Anti-work architecture: domestic labour, speculative design, and automated plenty

Hester, Helen ORCID: https://orcid.org/0000-0002-8511-8846 (2022) Anti-work architecture: domestic labour, speculative design, and automated plenty. Open Philosophy. (In Press)

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Abstract

This article presents a partial history of visions of technodomesticity in the global north, concentrating on dwellings which seek to problematize, challenge, or reorganize unpaid household labour. It is structured around three case studies, primarily drawn from the United States in the 1950s and 60s: the single-family suburban dream house, the bachelor pad, and the fully-automated future home. While these chosen examples may lend us certain resources for thinking about how best to mitigate the challenges of reproductive labour via living arrangements, they also possess a number of clear drawbacks or limitations. The article will argue that contesting these imaginaries (as much as learning from them) is likely to prove necessary in unpicking the connections between an inequitable distribution of unpaid intrafamilial domestic labour and the house itself as both a concrete site and an ideological formation – necessary, that is to say, in terms of building a meaningfully feminist conception of anti-work architecture.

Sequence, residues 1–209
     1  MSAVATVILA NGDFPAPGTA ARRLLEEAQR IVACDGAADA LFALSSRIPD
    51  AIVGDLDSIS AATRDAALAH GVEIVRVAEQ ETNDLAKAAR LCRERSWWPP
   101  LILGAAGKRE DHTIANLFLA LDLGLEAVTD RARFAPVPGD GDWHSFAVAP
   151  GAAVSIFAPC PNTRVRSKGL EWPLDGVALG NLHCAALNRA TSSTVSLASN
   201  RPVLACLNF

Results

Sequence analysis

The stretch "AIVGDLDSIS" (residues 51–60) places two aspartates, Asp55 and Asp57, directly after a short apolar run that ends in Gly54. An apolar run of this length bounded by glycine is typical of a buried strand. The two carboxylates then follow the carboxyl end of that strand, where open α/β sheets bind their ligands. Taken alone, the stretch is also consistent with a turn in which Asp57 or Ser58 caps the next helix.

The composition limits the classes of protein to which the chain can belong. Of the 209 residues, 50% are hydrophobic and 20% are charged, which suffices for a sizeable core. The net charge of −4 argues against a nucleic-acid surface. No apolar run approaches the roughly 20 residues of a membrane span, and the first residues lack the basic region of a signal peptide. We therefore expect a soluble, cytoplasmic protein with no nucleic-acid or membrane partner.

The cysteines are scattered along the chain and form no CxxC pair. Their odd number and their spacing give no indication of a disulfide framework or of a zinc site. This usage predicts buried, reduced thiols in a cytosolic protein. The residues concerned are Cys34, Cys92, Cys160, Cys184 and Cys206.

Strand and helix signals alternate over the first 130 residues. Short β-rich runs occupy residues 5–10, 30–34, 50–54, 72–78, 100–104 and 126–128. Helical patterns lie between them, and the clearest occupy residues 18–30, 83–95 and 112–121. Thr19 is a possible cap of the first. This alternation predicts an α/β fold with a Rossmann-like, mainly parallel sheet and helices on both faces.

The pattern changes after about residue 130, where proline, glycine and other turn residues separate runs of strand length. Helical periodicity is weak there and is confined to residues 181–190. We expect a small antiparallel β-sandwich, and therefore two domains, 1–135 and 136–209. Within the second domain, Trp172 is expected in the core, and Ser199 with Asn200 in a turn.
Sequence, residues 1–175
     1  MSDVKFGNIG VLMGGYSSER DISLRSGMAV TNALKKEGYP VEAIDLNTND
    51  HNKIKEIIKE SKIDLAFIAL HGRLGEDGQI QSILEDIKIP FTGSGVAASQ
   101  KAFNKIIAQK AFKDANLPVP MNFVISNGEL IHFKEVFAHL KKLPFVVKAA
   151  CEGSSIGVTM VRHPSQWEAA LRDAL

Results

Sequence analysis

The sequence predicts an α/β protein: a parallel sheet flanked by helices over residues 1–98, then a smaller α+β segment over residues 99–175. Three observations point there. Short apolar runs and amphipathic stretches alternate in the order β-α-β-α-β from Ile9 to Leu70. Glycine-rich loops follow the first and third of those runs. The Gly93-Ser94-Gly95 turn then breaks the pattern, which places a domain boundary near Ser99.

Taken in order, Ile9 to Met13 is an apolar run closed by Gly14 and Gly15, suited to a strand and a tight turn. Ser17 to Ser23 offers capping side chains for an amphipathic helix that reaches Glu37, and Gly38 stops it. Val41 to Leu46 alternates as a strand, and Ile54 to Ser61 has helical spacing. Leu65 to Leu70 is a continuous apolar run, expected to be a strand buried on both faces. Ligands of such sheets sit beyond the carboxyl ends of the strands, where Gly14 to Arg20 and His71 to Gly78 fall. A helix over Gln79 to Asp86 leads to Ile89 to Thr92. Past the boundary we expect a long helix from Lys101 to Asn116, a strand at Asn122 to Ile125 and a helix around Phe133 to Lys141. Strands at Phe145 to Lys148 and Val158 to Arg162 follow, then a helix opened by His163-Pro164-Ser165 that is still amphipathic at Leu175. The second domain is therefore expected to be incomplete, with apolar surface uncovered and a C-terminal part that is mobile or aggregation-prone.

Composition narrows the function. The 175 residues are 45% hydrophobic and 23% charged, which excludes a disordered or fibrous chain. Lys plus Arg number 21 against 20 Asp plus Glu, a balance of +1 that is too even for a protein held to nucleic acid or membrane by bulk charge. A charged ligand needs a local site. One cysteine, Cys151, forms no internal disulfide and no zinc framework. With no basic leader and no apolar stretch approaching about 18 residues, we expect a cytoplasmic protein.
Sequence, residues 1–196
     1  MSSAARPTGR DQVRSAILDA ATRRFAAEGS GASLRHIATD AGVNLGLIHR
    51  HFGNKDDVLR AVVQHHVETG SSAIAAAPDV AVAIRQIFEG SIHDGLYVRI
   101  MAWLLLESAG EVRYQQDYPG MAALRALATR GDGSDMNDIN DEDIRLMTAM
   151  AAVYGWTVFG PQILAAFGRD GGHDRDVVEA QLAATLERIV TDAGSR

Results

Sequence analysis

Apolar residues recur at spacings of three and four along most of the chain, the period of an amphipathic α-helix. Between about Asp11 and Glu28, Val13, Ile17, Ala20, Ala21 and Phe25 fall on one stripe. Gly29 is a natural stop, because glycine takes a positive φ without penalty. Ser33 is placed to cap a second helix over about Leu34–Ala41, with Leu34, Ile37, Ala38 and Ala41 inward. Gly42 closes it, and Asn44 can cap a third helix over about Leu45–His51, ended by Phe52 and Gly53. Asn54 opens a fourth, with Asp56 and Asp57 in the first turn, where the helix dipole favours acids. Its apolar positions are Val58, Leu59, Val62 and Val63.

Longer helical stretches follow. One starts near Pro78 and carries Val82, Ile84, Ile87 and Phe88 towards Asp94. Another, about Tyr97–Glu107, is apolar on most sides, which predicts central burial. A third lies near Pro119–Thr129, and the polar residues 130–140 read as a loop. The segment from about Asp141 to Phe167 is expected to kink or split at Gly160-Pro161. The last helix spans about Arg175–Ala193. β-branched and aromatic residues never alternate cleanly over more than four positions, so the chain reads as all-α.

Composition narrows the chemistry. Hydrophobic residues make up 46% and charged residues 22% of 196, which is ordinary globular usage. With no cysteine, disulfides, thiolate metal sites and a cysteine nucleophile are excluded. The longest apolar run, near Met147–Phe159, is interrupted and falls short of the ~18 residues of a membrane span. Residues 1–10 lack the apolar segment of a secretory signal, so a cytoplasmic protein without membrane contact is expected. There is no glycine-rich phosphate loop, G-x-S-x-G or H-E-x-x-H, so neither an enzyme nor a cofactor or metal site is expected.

Item Type: Article
Subjects: Social sciences > Politics
Philosophy
Related URLs:
Depositing User: Helen Hester
Date Deposited: 09 Nov 2022 22:15
Last Modified: 10 Nov 2022 09:39
URI: https://repository.uwl.ac.uk/id/eprint/9607

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